VALE – On a December night in 1979, Sai Vang sat in the back seat of a loaded van, squished between her parents and eight siblings as they rode from the Boise airport to their new home of Vale.

It was the 15-year-old’s first night in America and a stark contrast from the refugee camp in Thailand where her family had been living for five years. 

“The first thing I remember was the snow,” said Vang.

Looking out the car window, Vang was mesmerized by twinkling Christmas lights reflecting off the thick blanket of snow.

“I thought to myself, ‘I don’t know how they make the lights blink light that’,” said Vang.

“It was so amazing,” she said.

Vang and her family never forgot the kindness of the people of Vale, particularly Frank and Mary Kavanaugh.

The Kavanaughs later moved to Portland, and that’s where the Vangs and their memories recently caught up with the former Vale couple.

The kinship started when Frank Kavanaugh took a call to see if he could help a refugee family resettling in the U.S.

“Frank called around to the different churches and people that he knew to form a committee and help decide if we could do this or not,” said Mary Kavanaugh.

The Kavanaughs themselves had been in Vale just three years at that point, moving from San Francisco to raise their six children away from the rush of the big city. The couple worked as teachers and were passionate about giving back to their community.

“It was part of our religious belief to help those in need,” said Kavanaugh. When she heard about the Vang family, which had two parents and eight children at the time, she figured that “somewhere out there in the farms, somebody would be able to help this family,” she said.

People in the Vale community offered a house, donated clothes for all of the family members, and stocked the fridge for their arrival.

“People jumped right in to help,” said Kavanaugh.

After picking the Vangs at the airport, Frank spent two nights in the house with the family to ensure that everyone was settling in.

None of the Vangs spoke English, so they communicated with Kavanaugh using facial signals and hand gestures.

“I couldn’t speak a word of English. I couldn’t read the ABCs,” said Vang.

As she adjusted to her new life in America, Vang learned English and adapted to local customs.

“Even though we couldn’t speak the language, people smiled,” said Vang. She explained that in Laos, it wasn’t part of the culture for people to smile at each other so easily. 

“Everybody was so nice, it was kind of a culture shock,” said Vang.

Those first few months were “like a breath of fresh air,” said Vang.

Kavanaugh said the refugee family was “sometimes overwhelmed by the generosity.”

“The people of Vale were very welcoming,” she said. “There was always someone to there to help. If a need arose, someone was there to meet the need.”

Heur Vang, Sai’s father, got a job at a local farm while the children started school. A few months after they arrived in Vale, they were put in touch with another Hmong family living nearby in Payette that helped them translate the “more complicated” conversations about their wants and needs, said Vang.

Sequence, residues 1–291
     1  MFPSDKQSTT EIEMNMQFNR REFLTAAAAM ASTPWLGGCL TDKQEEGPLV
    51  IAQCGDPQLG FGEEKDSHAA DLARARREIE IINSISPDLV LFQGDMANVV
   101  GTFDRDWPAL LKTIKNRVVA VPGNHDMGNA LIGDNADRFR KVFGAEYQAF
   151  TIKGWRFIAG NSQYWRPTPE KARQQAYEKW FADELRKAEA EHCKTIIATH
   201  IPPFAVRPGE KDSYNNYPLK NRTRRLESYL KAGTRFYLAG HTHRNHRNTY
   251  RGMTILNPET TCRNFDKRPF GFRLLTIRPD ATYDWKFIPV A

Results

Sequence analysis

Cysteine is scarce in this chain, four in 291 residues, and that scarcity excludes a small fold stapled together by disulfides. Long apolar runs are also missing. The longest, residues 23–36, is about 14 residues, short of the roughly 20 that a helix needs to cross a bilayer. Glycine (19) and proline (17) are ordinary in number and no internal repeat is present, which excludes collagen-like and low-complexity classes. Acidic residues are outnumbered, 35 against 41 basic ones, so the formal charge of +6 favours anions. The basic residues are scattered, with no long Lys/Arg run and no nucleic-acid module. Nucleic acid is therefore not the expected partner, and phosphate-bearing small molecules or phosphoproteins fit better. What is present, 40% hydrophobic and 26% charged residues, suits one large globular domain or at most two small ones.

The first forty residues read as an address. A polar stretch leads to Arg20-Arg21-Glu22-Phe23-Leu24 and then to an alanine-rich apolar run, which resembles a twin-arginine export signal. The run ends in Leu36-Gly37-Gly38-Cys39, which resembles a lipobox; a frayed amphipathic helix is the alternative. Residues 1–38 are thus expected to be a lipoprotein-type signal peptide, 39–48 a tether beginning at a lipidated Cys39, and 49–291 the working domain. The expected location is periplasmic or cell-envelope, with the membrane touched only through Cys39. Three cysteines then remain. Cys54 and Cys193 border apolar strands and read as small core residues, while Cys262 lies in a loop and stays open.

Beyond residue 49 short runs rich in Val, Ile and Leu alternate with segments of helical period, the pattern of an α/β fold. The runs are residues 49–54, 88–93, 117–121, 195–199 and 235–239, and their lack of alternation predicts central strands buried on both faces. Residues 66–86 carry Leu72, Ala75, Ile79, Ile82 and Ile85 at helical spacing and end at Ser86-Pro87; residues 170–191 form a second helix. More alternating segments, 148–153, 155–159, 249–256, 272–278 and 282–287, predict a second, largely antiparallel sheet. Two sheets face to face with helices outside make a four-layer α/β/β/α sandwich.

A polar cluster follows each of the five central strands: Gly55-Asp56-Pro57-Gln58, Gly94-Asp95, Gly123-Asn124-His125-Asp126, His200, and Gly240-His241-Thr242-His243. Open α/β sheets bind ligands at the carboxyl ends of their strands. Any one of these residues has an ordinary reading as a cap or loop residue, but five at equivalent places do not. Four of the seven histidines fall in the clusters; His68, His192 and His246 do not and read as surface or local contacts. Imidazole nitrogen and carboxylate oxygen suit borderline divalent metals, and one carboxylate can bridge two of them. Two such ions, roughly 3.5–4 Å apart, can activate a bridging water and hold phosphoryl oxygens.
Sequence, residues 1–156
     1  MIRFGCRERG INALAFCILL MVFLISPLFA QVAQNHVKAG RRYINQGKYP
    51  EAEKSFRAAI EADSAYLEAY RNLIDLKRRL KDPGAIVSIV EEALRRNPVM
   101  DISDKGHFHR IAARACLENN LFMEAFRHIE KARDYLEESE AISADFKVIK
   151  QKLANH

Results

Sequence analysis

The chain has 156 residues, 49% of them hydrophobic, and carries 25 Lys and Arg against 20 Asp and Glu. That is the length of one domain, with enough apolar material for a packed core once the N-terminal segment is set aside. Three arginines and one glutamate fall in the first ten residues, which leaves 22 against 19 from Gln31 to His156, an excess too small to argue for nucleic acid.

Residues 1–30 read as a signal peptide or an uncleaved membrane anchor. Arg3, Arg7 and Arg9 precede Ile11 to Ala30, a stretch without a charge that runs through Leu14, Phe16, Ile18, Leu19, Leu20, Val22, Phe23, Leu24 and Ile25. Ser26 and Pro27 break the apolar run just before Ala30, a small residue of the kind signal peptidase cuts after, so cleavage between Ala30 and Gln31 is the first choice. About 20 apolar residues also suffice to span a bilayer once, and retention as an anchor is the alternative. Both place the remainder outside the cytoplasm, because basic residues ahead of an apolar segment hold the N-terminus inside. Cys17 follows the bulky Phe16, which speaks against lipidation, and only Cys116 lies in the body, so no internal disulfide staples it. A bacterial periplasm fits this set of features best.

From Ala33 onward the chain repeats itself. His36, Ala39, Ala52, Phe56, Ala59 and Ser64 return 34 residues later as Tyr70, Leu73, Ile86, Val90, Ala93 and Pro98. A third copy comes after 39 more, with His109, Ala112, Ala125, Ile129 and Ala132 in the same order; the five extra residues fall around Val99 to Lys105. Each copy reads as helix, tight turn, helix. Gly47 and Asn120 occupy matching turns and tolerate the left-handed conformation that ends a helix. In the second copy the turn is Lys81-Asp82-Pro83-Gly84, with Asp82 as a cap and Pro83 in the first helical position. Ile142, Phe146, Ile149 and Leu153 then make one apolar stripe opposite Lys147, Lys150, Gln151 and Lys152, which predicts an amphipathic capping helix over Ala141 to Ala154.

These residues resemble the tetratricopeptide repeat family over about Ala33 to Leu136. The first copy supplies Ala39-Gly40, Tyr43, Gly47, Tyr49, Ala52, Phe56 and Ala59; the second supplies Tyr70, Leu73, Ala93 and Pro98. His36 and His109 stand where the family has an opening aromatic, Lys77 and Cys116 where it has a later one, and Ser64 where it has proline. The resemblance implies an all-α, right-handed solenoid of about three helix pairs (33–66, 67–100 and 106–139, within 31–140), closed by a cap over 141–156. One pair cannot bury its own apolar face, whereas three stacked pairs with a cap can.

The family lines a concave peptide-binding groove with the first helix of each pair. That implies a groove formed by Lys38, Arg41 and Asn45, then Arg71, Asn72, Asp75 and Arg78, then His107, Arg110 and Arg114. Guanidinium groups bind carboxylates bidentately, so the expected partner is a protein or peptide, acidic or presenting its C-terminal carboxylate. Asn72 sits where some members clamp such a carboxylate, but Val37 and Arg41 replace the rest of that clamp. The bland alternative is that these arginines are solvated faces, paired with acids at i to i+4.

The Kavanaughs checked on them often and the two families formed a tight bond.

In 1982, the Vangs moved to Seattle to be near other relatives.

“They said that they were really thankful for their time but they did need to go,” Kavanaugh said.

“We were sad to leave the community,” said Vang.

The two families stayed in touch for a time but eventually lost contact.

Still, the Vangs thought often of Vale.

“The people who helped us, who supported us never really left our minds. They’re in our hearts and our history,” she said.

The Kavanaughs moved to Portland in 1997. About two years ago, a friend request popped up on Kavanaugh’s Facebook account. It was a Vang.

 “I came running to Frank, saying “Oh look who we found!’,” said Kavanaugh. “We answered back right away.”

A few months later, the Vangs traveled to Portland – 17 people in three vans – to see their long-ago benefactors.

It was like “a family getting back together with lost family,” said Kavanaugh.

“There were a lot of tears, lots of laughs and hugs. It was a really good visit,” she said.

Last month, 32 Vang family members drove to Portland for Frank’s “Nearly 90” birthday party. For his birthday, he asked for a picture of the Vang family. He got his wish.

The Vangs presented Frank Kavanuagh with a large portrait with nearly 50 Vang relatives. Vang’s husband, Tony Provenzano, told the gathering about the family’s gratitude.

“We wanted to share with him that we are so thankful,” said Vang. “They gave us the opportunity to live the life we wanted to live.”

The speech was a hit at the party.

“I was happy to know that they remembered their time with us and in Vale,” Frank Kavanaugh said.

In an email to the Enterprise last week, Frank wrote that while “much credit and gratitude was given to Mary and myself...I believe that it should be shared by the many generous people of Vale who supported the Vang family.”

His wife echoed that sentiment.

“We want to let the people of Vale know how much they are appreciated,” Mary Kavanaugh said.

Vang, who now works in the Seattle Public Schools accounting department, said that she hasn’t been back to Vale since leaving in 1982 but that she’d like to visit within the next couple of years.

“It would take our breath away if we come back,” she said. “Vale is our first memory. It’s like history to us.”